Now, currently, there's Tommy Emmanuel out there doing the same sort of thing. It's all thumb picking, so you have access to more notes at the same time than just playing with a flat pick.

Songfacts: One song on Rags & Classics that's a bit out of your ambit as far as the stuff you've done before is "I Believe I Can Fly." What drew you to that one?

Edmunds: I just love the R. Kelly version of it, the arrangement. I think it's a great record: well written, well performed. The arrangement is just spot on. Records don't get to #1 for no good reason, you know, and that was #1 here [#2 in America].

I saw him do it live on Jules Holland in London, and I was on Jules Holland a few times - I've worked with Jules quite a bit. R. Kelly was on and he did a shortened version of it on the show, and it just blew me away. I thought his singing was so unique and the song is so good.

So I thought, Why not? This is a hobby album, I don't have any commercial goal in mind. It was just purely to get some of this guitar playing down on record.

Songfacts: You certainly have a knack for taking these songs, putting them in a new light and getting them tremendous exposure. And one that comes to mind is your first single as a solo artist, which was "I Hear You Knocking." Can you talk about that a little bit?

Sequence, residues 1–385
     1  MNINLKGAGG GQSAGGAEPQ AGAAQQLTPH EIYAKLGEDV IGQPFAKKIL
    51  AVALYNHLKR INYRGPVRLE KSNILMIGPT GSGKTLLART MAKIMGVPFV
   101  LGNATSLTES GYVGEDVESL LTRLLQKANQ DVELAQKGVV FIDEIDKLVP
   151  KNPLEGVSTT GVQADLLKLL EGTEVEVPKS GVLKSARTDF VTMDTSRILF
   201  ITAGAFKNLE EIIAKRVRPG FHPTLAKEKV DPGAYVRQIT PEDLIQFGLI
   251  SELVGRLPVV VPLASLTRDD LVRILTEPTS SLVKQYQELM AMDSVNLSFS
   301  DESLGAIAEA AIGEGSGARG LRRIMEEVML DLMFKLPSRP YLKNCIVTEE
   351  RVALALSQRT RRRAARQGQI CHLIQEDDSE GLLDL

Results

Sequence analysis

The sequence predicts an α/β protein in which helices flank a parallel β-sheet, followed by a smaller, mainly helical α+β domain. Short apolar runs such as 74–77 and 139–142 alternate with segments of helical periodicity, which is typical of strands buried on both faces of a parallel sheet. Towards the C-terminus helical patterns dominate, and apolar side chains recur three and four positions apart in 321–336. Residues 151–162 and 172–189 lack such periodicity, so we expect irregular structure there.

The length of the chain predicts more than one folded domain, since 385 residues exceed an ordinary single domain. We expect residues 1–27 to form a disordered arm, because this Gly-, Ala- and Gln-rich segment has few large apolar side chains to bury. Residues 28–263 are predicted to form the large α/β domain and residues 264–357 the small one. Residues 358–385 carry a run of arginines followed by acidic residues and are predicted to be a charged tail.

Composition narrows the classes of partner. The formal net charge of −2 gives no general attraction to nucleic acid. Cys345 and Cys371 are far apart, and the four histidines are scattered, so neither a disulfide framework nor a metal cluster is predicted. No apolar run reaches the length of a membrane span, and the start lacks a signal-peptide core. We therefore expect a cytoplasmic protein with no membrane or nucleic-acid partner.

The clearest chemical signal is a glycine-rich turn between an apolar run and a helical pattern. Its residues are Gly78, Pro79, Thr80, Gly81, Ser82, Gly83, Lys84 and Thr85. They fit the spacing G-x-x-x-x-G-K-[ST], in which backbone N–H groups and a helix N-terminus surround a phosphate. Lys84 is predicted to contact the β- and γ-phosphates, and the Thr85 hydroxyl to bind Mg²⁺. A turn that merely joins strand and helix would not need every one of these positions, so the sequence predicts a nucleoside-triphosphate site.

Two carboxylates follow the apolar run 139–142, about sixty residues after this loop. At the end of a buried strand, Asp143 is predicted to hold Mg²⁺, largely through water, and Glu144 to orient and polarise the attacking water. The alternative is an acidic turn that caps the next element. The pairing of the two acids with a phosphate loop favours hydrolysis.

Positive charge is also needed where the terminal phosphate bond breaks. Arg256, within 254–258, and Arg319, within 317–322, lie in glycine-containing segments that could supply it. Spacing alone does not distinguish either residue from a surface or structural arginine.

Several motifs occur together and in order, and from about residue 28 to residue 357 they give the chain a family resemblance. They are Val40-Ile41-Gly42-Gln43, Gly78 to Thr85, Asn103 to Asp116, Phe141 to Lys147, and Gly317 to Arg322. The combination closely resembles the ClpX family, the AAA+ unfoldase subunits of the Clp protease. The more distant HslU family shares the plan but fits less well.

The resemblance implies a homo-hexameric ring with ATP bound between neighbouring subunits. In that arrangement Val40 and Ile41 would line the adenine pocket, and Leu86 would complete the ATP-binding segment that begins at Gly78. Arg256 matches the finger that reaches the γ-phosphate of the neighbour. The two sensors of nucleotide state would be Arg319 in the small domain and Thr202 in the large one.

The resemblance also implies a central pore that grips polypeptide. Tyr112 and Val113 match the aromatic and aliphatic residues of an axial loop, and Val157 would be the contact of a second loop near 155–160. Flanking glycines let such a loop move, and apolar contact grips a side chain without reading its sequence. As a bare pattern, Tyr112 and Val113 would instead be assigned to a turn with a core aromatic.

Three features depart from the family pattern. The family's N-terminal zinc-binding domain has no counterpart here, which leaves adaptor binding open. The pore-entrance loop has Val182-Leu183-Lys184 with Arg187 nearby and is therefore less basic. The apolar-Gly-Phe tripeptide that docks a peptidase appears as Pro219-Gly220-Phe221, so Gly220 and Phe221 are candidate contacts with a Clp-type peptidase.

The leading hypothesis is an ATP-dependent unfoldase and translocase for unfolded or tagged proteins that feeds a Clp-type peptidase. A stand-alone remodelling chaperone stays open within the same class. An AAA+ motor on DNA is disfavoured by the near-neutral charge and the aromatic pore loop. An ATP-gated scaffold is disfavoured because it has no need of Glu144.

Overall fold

Edmunds: The song I was going to do originally was "Let's Work Together," which was by a guy called Wilbert Harrison who did it as sort of a one-man band. When I first came to America in 1969, I heard it on the car radio, and I thought, Oh, this is great. When I get back home I'm going to do a cover of this.

By the time I got home, Canned Heat had done a cover of it. Then an album of Smiley Lewis was released on United Artists in Britain, and they played "I Hear You Knocking" on the radio in Britain while I was driving along. I thought, Hang on, the two songs have identical format. You could use the same backing track for both songs. It's just a simple 12-bar thing. So I thought, I'll do that.